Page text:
Review It seems that Sony Ericsson has been hard at work on their latest batch of handsets, recently announcing no fewer than seven new models. Always the chameleon, Sony Ericsson seems to have perfected the art of squeezing the same technology into suitably different shells, so that four of the handsets being cat-walked were in fact two different chassis with two sets of bodywork on each, writes Charlie Brewer.
The K750i and D750i are effectively the same phone with the 'K' being the unbranded original and the 'D' a bespoke version for T-mobile UK. To be clear from the outset, besides a slight difference to the shape of the keys and a variation on a theme for the lens cover, the handsets are identical. The D750i naturally carries T-Mobile's trademark user interface, with a white background to reflect the sunny deposition of the baby-blue body with silver edging, while the K750i carries the darker, broodier, go-nastier-stripes of black and silver.
The K750i is an update to the K700i, launched mid-way through last year to much screaming and shouting from the press, but in our case only when we came to use it. Roll forward almost 12 months and looking at the K750i almost every aspect, of everything, is improved, working and making us enjoy playing with a mobile phones again.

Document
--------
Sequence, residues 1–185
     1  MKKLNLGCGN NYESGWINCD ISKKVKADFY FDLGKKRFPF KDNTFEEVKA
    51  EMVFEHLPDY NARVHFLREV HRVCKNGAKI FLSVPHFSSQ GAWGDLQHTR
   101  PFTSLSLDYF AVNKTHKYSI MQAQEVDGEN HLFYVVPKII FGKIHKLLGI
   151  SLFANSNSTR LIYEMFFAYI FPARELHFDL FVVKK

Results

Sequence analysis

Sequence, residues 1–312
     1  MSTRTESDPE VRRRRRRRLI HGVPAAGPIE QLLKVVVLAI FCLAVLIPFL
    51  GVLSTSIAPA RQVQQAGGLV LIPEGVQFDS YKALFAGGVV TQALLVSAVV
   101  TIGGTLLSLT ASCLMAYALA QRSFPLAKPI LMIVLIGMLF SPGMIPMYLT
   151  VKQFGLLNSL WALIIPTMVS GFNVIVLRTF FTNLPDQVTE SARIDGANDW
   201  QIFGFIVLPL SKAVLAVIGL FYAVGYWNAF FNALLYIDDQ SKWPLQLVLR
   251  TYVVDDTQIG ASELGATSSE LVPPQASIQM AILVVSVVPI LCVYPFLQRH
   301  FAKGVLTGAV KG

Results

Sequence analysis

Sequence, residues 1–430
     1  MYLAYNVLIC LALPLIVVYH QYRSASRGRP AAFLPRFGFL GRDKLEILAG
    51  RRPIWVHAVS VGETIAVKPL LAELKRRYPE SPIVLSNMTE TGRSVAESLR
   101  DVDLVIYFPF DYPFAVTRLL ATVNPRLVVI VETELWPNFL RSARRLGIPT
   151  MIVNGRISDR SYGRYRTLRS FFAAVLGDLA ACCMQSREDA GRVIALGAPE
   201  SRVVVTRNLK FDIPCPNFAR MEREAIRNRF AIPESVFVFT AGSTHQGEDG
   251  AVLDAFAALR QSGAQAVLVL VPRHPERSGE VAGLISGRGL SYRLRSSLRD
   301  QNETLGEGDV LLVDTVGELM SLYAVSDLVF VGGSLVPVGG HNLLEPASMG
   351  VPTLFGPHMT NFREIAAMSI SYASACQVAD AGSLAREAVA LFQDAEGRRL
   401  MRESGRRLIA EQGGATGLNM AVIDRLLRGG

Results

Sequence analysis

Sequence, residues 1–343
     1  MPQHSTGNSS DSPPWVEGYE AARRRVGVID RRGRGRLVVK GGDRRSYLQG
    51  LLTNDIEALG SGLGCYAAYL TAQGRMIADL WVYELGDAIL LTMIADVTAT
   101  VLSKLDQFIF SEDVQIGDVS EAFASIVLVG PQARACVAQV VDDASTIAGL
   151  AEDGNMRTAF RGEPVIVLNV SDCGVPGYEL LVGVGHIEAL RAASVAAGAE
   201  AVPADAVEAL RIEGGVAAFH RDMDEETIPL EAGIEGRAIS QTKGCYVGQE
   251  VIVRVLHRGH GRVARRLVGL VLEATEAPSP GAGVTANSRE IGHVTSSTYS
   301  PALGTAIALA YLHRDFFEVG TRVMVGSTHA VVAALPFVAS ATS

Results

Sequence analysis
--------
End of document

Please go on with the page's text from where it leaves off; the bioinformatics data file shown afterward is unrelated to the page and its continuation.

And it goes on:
The VGA camera on the K700i was superseded later in 2004 by the S700's 1.3 megapixel job on the S700. That, in turn, has been outmoded by the K750i's two megapixel camera, complete with 4x digital zoom and active auto-focus. A phone that actually takes decent pictures - wonderful. But it's not just the quality that makes the camera useable, it's the bodywork as well. The lens is protected by a sliding cover, manually moved on the K and operated by a flick-switch on the D. When the cover is moved to reveal the lens, the camera activates and is ready to shoot. The shutter-release button is mounted on the right-hand side of the body, so that when the phone is rotated anti-clockwise the release in on the right-hand side of the lens... just like a real camera. The cherry on the cake is that the shutter button has been so designed that light from the keyboard's LED escapes around its edges so you can find it more easily in the low-light conditions favoured by phone photographers. A double super-bright LED has been included next to the lens so you can throw a little more illumination onto the subject, and the photo-capture options are more advanced than on some cameras we've reviewed.